Jose Gonzalez, Winmalee
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Sydney Water is nearing completion on a $50 million upgrade to the Winmalee Water Resource Recovery Facility (WRRF) in the Blue Mountains, New South Wales.

The facility, which services 60,000 customers, has been undergoing upgrades since 2020 to improve the health of the surrounding waterways by reducing the nutrient loads of treated water being released.

Flora and fauna in the surrounding Hawkesbury Nepean Catchment is set to benefit from the upgrades, which include the construction of a membrane BIO-reactor and the provision of new fine drum screens.

Once completed, the improvements are hoped to significantly reduce nitrogen and phosphorus loads discharged from the Winmalee facility.

Sydney Water Blue Mountains Production Manager, Jose Gonzalez, confirmed the upgrade will reduce the nutrient loads by more than 50 per cent, establishing the Winmalee WRRF as best practice for nutrient removal.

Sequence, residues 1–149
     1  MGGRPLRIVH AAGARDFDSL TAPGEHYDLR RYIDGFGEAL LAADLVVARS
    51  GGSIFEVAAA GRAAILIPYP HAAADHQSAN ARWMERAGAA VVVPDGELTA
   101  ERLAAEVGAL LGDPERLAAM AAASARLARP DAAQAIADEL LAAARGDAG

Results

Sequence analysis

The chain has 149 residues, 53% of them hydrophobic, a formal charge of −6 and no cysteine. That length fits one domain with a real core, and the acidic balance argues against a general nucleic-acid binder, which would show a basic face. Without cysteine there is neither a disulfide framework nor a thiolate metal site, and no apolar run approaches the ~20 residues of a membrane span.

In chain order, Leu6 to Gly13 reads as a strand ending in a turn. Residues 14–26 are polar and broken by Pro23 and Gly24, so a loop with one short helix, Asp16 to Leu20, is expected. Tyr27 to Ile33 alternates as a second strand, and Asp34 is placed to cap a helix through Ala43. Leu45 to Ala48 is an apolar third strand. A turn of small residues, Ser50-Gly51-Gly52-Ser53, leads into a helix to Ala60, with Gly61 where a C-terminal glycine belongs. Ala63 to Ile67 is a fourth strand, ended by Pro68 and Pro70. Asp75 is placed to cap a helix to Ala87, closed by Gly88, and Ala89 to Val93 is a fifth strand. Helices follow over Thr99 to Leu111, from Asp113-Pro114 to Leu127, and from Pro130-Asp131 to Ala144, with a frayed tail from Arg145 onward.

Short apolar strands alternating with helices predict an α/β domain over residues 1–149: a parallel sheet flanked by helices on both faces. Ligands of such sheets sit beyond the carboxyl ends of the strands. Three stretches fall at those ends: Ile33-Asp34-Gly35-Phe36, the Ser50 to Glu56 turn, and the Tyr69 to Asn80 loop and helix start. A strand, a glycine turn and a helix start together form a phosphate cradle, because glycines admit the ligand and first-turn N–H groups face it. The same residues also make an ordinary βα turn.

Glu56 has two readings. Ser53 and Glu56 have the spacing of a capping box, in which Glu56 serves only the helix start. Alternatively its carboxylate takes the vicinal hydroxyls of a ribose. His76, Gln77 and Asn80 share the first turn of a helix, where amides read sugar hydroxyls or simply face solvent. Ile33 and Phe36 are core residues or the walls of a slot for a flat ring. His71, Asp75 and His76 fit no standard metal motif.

“It’s an example of where Sydney Water is delivering world leading performance, implementing changes now to protect the environment for future generations,” Mr Gonzalez said.

Sydney Water Senior Environmental Scientist, Samantha Prior, says Winmalee is surrounded by natural bushland that is home to many native flora and fauna species.

“A large population of an endangered Leucopogon flower grows near the site. The waterways provide habitat for ducks, frogs and platypus which have been recorded downstream. These latest upgrades will reduce the nutrient load to the environment, contributing towards maintaining and improving stream health in the future,” Ms Prior said.

Upgrades to the Winmalee WRRF are due to be completed by December 2023.

Featured image: Sydney Water Blue Mountains Production Manager, Jose Gonzalez, at the Winmalee site. Courtesy of Sydney Water.

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